Sources say star players are now increasingly reluctant to wear the mic’s because they feel the goodwill they’re showing by agreeing to bring fans into the game is being kicked back at them by over officious law-makers.
Players are angry at being jumped all over when they’re making a sacrifice to wear the uncomfortable microphone equipment for the good of the game.
“One hundred per cent, and to be fair I’ve been one of those guys that’s been stung,” Sydney Thunder and former Australian star Ben Cutting told News Corp.
“There’s a lot of frustration from that and a few other things as well.
“One hundred per cent (players are less reluctant to wear the mic’s because of the crackdown).
“I’d like to see a no holds barred approach from (CA) rather than going the other way.
“You see sports like V8 supercars where they encourage guys to speak their minds, show their passion, but it’s very much the other way in cricket.”
Players mic’d up for tonight’s sudden death final between the Thunder and Brisbane Heat will have to be on their best behaviour or risk being rubbed out for a final.
News Corp understands the players’ representatives the Australian Cricketers Association will push hard for CA to change its code-of-conduct in the off-season.
Players and clubs don’t blame umpires and match referees, who are just doing their job by punishing audible obscenities, but argue the rules need to be adjusted to show some leeway for the inherent risks that come with providing fans such unprecedented access to stars on the battlefield.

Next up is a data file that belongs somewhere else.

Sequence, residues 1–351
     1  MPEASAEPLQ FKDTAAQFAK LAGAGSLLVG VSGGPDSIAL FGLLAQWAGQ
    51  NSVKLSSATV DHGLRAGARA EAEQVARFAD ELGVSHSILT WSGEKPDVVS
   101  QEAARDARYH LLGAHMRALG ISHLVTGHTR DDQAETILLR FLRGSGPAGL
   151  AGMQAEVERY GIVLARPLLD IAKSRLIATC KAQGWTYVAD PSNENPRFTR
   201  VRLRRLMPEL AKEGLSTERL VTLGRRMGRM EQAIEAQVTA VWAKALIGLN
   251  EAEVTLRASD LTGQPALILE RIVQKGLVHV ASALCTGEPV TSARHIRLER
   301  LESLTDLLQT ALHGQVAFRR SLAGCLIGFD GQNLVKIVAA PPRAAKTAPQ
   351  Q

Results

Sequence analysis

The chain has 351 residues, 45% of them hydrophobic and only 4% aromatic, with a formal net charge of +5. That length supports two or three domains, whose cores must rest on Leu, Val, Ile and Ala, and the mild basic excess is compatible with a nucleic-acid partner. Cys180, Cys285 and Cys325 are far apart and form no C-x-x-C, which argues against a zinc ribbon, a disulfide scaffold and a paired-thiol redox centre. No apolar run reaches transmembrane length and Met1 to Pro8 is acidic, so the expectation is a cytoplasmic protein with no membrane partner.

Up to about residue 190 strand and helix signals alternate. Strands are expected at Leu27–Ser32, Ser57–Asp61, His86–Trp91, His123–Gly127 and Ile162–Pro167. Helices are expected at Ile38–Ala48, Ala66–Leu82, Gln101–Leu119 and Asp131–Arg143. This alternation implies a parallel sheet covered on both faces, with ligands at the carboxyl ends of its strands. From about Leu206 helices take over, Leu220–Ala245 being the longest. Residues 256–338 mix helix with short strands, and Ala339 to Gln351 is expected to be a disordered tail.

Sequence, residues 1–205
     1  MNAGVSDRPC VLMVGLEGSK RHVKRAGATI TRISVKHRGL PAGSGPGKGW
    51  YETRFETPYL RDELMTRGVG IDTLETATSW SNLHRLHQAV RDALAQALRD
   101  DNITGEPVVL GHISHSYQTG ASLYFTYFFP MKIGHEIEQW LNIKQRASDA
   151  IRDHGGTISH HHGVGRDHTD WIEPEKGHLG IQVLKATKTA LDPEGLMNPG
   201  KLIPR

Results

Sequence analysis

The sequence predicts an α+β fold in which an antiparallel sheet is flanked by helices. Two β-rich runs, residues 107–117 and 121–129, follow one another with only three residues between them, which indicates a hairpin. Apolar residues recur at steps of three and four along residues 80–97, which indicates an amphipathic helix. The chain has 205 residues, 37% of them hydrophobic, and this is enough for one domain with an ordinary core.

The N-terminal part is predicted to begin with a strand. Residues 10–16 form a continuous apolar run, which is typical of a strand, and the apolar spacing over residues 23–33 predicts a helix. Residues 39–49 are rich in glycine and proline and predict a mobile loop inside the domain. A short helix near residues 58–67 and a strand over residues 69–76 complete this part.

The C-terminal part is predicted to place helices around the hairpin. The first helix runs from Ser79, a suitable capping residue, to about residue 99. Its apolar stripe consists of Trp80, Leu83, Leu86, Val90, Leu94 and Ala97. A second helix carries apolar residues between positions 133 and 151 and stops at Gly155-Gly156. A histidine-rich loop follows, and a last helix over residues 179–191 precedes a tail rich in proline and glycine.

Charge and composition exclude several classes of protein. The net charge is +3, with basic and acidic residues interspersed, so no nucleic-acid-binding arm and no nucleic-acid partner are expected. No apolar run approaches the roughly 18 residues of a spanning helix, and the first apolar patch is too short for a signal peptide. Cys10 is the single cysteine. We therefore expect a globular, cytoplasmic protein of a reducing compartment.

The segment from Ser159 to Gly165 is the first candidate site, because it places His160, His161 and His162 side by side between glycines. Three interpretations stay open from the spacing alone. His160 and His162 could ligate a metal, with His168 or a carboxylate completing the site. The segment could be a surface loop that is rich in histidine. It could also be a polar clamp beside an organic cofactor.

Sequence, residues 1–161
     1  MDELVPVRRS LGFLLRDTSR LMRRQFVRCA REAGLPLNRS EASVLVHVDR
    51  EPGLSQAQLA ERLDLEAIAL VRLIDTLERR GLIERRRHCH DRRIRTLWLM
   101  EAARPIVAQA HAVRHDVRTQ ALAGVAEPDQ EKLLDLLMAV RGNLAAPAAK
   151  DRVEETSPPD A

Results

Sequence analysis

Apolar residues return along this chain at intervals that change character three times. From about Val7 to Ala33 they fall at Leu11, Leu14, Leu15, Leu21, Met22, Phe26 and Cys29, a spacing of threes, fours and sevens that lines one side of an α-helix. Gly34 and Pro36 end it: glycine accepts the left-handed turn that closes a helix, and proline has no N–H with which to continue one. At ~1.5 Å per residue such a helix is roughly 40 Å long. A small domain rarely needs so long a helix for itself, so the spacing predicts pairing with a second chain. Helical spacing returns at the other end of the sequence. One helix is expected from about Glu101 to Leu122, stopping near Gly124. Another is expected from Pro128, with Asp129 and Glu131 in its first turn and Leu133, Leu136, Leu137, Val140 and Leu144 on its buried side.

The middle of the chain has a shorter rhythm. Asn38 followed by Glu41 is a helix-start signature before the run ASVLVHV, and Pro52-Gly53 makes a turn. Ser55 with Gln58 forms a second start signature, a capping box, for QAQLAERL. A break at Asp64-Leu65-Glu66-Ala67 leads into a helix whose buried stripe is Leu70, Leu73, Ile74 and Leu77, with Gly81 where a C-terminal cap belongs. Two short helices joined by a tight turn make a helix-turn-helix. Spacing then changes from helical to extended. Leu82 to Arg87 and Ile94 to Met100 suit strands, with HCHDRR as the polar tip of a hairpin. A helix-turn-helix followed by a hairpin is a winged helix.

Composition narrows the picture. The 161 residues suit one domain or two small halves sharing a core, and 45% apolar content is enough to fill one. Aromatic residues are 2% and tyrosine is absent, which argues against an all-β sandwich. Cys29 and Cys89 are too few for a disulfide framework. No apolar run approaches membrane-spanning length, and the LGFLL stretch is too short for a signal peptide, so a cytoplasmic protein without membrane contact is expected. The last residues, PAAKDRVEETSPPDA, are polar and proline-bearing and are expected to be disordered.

Fox Cricket ratings are up 30 per cent and Big Bash ratings up 10 per cent overall this season and one of the lures has been the stunning access and insight provided by sharp minds likes Henriques, Warner and Aaron Finch on the mic’s during play – which simply don’t happen in other sports.
The silencing of Henriques for the rest of the season is a self-defeating blow for a competition that has otherwise made such positive strides back to its glory days this summer.
Australian women’s star Ash Gardner felt the wrath of the cricket cops last summer when she accidentally swore after being unexpectedly struck by a ball while on the mic.
The ICC and CA code of conducts dictate a mandatory punishment for audible obscenities that go through stump or player microphones.
It’s a fine balance because Cricket Australia understandably don’t want inappropriate language being beamed out to kids at home in a competition aimed deliberately at families.
However, Cricket Australia are aware of the angst from players, clubs and broadcasters and acknowledge the issue needs to be looked at in the off-season.
An ugly on-field bust-up between Matthew Wade and Chris Green this BBL season was arguably a worse look for the game than an accidental swear word being let slip, yet went unpunished because the bad language was not picked up by microphones.
Warner’s incident against the Sixers was different to the cases of accidental swearing.
An attempted joke he made at the expense of the umpires about Sixers coach Greg Shipperd coming onto the field and influencing them over a ball change decision, was deemed as disrespecting the umpire.
Had Warner copped a demerit point he would have been suspended for one of the four games Cricket Australia had signed him for.
Under the code of conduct, match officials had no choice but to fine Warner, but the rules don’t take into account the context of the player potentially trying to play up to the audience of commentators he’s wired up to on the mic.
Clubs would like broadcasters to try and improve the microphone technology so it’s less uncomfortable for players to wear while batting and bowling – or at least send kits out to training so players can practice wearing them in the nets before being asked to in a match.
Originally published as Big Bash League finals: Usman Khawaja leads Brisbane Heat to victory over Sydney Thunder in washout